The experience from monitoring breeding population has until now shown constant increase and colonization of new areas. The monitoring has taken this development into account, so as to repeat some counts annually (areas in the vicinity of Hálslón reservoir) while other areas are monitored alternately.

The dispersal of sterile birds in the moult is far more complicated. Data exists from Eyjabakkar from several decades and occasional counts from other areas. With the emergence of Hálslón reservoir, conditions for moulting geese emerged alongside the reservoir. Counting of geese around Hálslón reservoir have recently begun and are conducted concurrently with counting at Eyjabakkar area.

Updated: 2013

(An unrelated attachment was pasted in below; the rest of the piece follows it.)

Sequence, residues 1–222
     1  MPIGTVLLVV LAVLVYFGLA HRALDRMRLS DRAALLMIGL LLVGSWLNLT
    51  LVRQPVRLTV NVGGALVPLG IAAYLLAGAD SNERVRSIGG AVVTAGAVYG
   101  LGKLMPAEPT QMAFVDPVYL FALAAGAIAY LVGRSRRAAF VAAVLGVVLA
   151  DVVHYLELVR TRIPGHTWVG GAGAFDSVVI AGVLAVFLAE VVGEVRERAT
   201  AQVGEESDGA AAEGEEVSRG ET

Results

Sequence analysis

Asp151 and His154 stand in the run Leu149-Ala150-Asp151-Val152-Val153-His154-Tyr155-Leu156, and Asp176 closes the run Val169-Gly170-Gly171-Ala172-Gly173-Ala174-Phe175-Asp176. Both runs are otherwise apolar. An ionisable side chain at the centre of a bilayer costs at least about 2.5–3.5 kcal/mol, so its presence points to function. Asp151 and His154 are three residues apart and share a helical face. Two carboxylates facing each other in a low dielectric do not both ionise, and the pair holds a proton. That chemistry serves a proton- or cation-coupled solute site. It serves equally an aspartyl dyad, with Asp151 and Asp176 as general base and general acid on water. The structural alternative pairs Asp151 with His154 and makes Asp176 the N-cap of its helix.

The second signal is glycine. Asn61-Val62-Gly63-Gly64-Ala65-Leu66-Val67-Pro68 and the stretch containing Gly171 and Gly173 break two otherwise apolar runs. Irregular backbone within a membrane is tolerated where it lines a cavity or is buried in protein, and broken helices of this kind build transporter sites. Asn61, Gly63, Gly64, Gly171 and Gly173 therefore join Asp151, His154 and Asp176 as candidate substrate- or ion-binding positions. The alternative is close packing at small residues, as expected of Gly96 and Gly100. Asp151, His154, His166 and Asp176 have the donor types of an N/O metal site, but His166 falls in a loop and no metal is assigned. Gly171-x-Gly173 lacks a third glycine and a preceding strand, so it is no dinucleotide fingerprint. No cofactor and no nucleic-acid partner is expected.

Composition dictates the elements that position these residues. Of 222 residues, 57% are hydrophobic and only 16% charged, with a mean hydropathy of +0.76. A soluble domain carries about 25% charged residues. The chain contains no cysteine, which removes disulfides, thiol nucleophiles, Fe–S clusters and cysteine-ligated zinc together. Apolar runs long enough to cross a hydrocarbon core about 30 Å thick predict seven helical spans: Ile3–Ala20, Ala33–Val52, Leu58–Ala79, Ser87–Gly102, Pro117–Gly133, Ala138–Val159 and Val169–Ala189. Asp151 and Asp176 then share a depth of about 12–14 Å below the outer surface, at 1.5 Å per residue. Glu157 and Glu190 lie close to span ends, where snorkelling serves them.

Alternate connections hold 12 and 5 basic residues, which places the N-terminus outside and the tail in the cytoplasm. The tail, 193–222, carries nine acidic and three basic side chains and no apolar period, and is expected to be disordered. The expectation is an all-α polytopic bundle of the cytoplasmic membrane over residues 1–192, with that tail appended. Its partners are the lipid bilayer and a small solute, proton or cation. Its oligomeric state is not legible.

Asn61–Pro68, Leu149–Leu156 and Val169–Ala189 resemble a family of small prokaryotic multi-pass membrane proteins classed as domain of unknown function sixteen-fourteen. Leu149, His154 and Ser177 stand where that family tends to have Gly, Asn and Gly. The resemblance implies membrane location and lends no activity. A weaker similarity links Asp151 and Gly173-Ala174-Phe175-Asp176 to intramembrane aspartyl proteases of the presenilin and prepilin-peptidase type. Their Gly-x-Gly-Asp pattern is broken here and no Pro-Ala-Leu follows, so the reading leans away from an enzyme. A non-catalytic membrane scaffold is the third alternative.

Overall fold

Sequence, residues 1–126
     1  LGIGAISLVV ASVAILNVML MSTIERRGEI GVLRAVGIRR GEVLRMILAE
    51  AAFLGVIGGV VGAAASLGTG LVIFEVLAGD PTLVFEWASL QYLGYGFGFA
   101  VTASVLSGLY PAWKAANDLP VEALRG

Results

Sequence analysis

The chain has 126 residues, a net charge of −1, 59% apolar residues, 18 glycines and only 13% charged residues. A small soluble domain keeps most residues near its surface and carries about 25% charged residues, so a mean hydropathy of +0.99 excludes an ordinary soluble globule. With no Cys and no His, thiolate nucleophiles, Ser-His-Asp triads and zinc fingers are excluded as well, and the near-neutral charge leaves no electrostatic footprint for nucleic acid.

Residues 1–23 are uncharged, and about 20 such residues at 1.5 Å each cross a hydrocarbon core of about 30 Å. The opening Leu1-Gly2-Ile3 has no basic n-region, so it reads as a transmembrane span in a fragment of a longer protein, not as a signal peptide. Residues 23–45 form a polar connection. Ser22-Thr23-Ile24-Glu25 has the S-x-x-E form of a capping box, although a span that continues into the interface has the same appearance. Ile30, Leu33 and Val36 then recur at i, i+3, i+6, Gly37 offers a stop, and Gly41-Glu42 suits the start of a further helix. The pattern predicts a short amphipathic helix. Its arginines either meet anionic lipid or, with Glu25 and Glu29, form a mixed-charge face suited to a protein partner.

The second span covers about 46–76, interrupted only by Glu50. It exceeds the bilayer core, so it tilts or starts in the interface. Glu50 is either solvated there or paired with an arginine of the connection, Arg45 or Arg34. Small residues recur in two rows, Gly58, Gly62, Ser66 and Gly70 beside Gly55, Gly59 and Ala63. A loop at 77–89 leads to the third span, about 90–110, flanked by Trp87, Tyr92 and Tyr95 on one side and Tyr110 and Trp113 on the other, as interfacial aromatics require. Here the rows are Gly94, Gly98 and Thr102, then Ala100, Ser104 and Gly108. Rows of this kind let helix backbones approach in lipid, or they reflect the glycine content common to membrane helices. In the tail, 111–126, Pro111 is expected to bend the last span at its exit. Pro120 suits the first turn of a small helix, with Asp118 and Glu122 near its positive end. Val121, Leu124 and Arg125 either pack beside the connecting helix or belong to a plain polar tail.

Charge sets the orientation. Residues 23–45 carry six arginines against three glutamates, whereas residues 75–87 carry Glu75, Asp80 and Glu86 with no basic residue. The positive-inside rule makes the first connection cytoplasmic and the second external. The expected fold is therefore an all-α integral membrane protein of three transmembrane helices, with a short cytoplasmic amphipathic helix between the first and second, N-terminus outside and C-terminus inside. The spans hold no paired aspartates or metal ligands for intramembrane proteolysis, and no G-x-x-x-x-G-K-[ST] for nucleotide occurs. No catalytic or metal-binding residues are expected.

Original Rationale for Indicator Selection

The Kárahnjúkar project is believed to affect the pink-footed goose considerably.

The impact will be both temporary, due to construction activity and long term. Firstly, some breeding sites and grazing land were inundated by Hálslón Reservoir. Secondly, more traffic in the area during construction, and because of better access to the area, can disturb the birds.

In 2000, a total of 2,200 pairs of pink-footed geese nested within the impact area of the dam. Nesting sites for a total of 500 to 600 breeding pairs were inundated by Hálslón reservoir, which amounted to about one-third of all nests in Brúardalir valleys and Vesturöræfi wilderness (including tributary valleys of Hrafnkelsdalur valley). This corresponds to seven percent of breeding pairs in East Iceland, and 1-2 percent of the total number of breeding pairs in the Icelandic-Greenlandic stock.

The land submerged to make Hálslón reservoir is considered an internationally important breeding site for the pink-footed goose according to criteria in the Ramsar Convention and the International Bird Committee. Grazing land for pink-footed goose has been interrupted and increased traffic during and after construction has negative effect on living conditions for geese in the area.